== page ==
Medical marijuana is marketed to the masses as an alternative medication for mental health problems and moderate-to-severe pain. Instead of taking a medication for anxiety, for example, you could eat an edible. Instead of dealing with the ups and downs of PTSD, you could smoke a joint. And instead of taking opiates for pain, you can take a hit off your vaporizer. 

But does it work? Can it alleviate the worst symptoms of depression and anxiety? How does medical marijuana affect our mental health?

The Problem With Current Research

It has been reported that close to 3 million Americans use marijuana legally as a medication. While it remains a popular method to treat various health problems, scientists have been slow to fully research the subject. There is a flaw in the process. The results of each study always depend on the approach, or situational bias, of the researchers.

When marijuana is viewed through the lens of a street drug, the findings are negative and not supportive of use. On the other hand, when marijuana is approached as a medication, the results are quite the opposite. Research on it as a medication suggests that people, in general, have decided that marijuana helps their mental health and increases their quality of life. 

The clearest information comes from the people who self-report on how medical marijuana effects them psychologically. Patient Reported Outcomes, or PROs, are free from a doctor’s subjective point of view, and researchers can immediately concentrate on how the medication effects a person’s quality of life. We are our own best advocates.

Pros and Cons: Marijuana for Mental Health

PRO studies, such as those completed by MIND, have found that patients report immediate and dramatic help in reducing their anxiety, increasing their cognitive activities, and lessening the severity of their symptoms for depression and PTSD. Legal users have reported a reduction in the medications that they take every day to control these problems, such as benzodiazepines and antidepressants. Marijuana may decrease inflammation in an aging brain, helping to prevent memory loss.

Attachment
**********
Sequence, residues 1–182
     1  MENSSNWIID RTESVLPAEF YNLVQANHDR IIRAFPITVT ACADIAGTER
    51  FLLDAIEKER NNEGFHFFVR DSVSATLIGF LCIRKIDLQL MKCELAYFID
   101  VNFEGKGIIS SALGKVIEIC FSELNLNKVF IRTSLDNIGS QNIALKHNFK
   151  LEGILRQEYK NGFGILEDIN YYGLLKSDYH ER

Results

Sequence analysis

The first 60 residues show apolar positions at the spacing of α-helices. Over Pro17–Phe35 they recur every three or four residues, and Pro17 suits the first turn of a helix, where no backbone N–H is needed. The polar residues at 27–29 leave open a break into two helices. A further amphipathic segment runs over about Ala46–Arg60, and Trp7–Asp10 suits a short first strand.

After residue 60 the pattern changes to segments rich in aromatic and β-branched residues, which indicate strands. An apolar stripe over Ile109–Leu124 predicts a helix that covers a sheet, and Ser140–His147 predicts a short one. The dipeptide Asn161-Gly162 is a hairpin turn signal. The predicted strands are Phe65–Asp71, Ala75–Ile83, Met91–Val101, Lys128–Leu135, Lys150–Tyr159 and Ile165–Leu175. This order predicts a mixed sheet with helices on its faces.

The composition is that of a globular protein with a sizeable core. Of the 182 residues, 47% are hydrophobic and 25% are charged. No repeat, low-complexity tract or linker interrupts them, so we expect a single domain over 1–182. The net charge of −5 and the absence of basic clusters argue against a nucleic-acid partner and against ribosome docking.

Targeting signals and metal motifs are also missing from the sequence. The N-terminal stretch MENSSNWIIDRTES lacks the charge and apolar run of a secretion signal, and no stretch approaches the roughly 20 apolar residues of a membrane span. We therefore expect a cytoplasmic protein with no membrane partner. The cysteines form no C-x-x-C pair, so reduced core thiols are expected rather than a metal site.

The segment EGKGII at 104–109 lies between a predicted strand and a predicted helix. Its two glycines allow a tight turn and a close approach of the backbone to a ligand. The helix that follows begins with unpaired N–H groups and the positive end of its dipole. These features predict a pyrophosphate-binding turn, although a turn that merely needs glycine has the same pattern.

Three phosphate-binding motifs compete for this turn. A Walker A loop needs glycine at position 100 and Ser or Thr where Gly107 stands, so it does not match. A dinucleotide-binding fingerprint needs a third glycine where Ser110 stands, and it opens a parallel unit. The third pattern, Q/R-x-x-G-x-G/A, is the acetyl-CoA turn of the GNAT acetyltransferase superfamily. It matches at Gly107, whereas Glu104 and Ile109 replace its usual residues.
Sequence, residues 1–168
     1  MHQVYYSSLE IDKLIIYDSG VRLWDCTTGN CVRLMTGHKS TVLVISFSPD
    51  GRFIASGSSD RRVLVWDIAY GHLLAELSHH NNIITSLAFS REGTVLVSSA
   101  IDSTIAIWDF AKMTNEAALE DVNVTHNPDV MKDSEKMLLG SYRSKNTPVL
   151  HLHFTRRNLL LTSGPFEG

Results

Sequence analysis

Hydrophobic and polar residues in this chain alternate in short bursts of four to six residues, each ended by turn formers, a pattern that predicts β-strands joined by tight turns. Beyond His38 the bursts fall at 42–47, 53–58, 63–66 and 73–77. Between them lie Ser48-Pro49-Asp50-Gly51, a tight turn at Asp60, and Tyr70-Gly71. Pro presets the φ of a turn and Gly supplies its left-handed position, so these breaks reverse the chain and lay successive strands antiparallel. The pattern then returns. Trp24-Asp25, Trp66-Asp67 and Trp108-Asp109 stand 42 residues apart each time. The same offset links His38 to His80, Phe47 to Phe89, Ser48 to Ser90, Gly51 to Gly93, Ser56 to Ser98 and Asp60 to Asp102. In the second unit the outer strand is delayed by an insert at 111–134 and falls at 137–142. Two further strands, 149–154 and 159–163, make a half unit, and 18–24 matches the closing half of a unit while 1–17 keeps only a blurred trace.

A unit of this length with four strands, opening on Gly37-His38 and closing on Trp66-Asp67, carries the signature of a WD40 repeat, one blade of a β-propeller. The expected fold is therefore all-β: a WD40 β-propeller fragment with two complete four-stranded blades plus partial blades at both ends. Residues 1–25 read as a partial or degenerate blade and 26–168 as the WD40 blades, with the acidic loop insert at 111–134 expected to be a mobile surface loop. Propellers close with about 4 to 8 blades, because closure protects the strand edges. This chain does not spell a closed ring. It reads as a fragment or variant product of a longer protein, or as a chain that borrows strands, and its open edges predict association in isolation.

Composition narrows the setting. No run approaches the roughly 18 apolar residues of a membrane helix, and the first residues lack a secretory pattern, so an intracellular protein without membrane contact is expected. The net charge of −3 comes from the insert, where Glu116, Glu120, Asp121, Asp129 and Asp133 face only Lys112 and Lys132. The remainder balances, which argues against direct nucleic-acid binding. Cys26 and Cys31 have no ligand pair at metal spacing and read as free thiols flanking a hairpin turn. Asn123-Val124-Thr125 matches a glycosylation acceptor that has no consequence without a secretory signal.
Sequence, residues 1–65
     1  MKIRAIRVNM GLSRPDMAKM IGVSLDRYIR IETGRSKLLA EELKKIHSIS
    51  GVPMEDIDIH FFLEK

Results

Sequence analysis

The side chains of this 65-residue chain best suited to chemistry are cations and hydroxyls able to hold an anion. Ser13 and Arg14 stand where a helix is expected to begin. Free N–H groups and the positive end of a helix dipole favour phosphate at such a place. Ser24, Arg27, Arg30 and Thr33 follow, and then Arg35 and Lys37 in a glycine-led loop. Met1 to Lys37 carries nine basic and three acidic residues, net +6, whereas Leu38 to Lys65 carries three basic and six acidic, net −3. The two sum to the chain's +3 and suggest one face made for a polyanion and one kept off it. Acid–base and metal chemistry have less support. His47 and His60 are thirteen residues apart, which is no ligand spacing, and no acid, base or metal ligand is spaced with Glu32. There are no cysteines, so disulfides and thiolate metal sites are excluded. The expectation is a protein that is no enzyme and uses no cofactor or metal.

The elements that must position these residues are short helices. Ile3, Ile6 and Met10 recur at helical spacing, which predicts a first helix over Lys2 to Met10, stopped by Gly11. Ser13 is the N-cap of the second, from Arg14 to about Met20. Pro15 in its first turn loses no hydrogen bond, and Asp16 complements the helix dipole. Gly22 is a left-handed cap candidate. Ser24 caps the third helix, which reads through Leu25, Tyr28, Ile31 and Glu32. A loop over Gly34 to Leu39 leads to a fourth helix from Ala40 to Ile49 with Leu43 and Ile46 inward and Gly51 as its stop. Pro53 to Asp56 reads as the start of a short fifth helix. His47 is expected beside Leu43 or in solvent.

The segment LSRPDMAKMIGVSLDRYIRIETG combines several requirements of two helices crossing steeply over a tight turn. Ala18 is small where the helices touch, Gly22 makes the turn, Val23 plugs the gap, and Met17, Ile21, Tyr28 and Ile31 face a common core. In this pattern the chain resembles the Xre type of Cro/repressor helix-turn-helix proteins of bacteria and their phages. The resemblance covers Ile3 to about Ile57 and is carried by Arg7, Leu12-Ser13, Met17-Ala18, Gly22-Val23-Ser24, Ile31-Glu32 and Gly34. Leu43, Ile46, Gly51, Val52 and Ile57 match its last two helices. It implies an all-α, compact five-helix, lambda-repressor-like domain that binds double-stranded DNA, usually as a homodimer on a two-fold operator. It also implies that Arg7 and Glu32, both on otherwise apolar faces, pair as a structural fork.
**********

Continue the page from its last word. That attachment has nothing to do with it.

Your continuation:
The secret seems to be a person’s individual approach to marijuana. Someone who uses it only to get high isn’t thinking of their mental health when they imbibe. If you go into it looking to hide from your emotions and to dull your senses, then it will not help your mental health. But taking it to calm your mind, decrease your anxiety, and lift your mood enough to work through an issue is an ideal attitude to have. This approach can do wonders for you, psychologically. 

Marijuana can be good for your mental health. The trick is to treat marijuana as a medication meant to help you, instead of an illegal drug that only causes damage. Take the stigma away.

Just Another Medication

When someone uses marijuana to hide their emotions, they don’t realize when these feelings worsen. They check their self-awareness at the door. Marijuana is used as a simple avoidance tactic, but the memories will still be there when the drug wears off. And they can come back with a punch, increasing your depression or anxiety as a result.

Using marijuana as a medication can lift your mood, raise positive emotions, and take the sting out of psychological pain. It enhances serotonin levels, like an anti-depressant, and interacts with cannabinoid receptors, decreasing pain and anxiety. The side effects are minimal, and it’s easy to use. For the majority of people, it is neither a gateway drug, nor is it especially addictive. It’s just another medication.

The self-aware and mindful use of medical marijuana can be a great boost for your mental health and your quality of life. 

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